first of all congratulations for a well played game, i've watched many games from players around 1300 and this one has clearly less blunders than what i expected. I'd say it's more you who played above your rating 1600 than him playing under his.
Your opening is ok, many people would criticize you choice of 5.Qxd4 instead of the usual Nxd4 but actually perfectly playable. Move 7 i would have retreated my queen (to d3 for example), since on principle bishops are a bit superior to knights especially in open positions like these, but that's not really a mistake, just a general strategic consideration.
Then you play energetically (8.e5!) and get a good position by move 12 with pressure on the d file, forcing him to enter complications with Nd5.
then you make your 1st big mistake : 16.Bxf6?, forgetting that it will open the 7th rank so his rook defends the d7 bishop when parrying the check.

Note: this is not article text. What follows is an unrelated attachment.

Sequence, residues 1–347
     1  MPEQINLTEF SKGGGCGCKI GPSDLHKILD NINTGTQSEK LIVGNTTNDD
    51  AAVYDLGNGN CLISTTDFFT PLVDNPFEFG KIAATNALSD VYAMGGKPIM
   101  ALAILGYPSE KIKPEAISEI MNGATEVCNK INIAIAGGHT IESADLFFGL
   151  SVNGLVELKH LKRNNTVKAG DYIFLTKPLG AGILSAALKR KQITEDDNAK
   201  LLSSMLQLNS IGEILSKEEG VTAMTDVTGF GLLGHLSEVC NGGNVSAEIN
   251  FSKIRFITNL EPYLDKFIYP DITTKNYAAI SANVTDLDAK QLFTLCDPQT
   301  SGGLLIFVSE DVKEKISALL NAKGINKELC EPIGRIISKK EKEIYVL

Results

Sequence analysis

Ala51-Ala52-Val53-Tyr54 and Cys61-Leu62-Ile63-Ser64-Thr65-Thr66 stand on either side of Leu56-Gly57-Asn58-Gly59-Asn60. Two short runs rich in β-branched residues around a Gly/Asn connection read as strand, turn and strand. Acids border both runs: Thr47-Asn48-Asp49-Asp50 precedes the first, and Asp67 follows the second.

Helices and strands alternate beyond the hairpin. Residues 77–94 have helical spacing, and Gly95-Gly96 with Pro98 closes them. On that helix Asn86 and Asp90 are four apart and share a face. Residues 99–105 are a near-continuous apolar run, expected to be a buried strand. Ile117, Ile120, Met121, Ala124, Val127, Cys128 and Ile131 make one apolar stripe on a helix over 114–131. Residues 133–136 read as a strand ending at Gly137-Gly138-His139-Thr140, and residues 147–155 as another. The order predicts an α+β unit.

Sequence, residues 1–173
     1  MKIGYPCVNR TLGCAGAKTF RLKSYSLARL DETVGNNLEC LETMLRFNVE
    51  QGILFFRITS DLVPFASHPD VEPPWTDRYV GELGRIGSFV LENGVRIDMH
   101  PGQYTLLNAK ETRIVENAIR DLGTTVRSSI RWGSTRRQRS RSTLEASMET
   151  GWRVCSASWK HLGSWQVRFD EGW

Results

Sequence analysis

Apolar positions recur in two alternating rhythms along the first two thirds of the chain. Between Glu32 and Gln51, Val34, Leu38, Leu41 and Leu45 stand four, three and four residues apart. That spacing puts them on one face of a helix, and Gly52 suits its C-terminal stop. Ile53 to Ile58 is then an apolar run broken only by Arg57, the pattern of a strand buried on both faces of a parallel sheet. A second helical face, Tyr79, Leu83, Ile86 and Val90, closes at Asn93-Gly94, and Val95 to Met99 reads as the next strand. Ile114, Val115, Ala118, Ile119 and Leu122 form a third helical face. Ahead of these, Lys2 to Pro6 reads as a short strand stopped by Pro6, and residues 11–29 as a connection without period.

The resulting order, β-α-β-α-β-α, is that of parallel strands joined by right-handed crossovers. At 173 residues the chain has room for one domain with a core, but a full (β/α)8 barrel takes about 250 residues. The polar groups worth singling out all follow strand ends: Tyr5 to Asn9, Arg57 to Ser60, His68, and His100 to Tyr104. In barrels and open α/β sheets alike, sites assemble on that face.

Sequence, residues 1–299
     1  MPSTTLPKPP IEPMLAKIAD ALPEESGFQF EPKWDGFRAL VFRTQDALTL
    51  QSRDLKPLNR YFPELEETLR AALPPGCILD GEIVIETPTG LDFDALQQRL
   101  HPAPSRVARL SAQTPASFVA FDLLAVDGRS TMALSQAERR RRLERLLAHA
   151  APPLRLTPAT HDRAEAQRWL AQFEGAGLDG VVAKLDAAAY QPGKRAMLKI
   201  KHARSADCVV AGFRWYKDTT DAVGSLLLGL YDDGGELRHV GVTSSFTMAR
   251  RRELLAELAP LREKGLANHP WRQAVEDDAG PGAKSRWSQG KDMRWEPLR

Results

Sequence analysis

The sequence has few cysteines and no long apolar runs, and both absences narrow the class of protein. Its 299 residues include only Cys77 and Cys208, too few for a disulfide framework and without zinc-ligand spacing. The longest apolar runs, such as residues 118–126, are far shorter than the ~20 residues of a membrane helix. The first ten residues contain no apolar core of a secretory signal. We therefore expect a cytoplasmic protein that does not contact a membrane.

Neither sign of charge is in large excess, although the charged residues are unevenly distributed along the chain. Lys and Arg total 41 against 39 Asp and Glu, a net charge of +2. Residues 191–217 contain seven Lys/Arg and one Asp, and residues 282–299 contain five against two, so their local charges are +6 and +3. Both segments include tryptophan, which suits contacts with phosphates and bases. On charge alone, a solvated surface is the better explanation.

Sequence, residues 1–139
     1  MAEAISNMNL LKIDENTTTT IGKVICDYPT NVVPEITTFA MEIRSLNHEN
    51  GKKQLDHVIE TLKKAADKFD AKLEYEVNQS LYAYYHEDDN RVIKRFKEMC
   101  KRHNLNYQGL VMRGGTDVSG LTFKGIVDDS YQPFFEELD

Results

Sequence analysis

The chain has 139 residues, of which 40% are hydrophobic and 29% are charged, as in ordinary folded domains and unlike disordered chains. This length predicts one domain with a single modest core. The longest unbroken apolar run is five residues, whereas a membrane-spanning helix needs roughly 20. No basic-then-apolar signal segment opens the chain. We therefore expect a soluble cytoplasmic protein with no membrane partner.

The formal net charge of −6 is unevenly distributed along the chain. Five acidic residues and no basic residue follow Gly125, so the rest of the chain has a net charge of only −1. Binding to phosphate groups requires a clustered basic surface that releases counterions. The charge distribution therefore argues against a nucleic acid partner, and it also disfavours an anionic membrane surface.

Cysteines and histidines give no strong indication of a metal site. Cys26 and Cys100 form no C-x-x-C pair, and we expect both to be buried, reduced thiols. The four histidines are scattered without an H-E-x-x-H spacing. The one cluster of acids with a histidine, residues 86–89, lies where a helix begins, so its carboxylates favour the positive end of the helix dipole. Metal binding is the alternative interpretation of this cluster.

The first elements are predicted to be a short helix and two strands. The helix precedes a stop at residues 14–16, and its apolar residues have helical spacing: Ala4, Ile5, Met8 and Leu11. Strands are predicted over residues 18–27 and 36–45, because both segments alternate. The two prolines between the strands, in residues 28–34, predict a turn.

The kind of oversight that easily happens OTB even to good players.
But even if there wasn't this tactical flaw, it's dubious on general principles to lose a time to snatch a pawn in such a tense and open position (especially with your king not castled yet). just let him lose time (and get a bad pawn structure) capturing your knight :
you should have played simple 16.Qd5+ directly. For example : 16...e6 17.Qxd7 Qxd7 18.Rxd7 fxg5 19.00 would have given you an excellent game.
After that mistake you still get 3 pawns vs 1 on the queenside but he is a bishop up, and since your pawns aren't advanced, his piece up gives him the advantage (but not a very big one, your pawns are dangerous)
then apart from a mutual oversight (see game notes), he gradually loses the thread, especially when uselessly leaving his f6 pawn en prise, and you play good, sensible chess, activating your pawn majority and bringing your king to the center. (no time for the endgame now! might come back to it later, although i'm not sure i like your decision to leave him take your 3 pawns to advance your pawn, i have to take a closer look)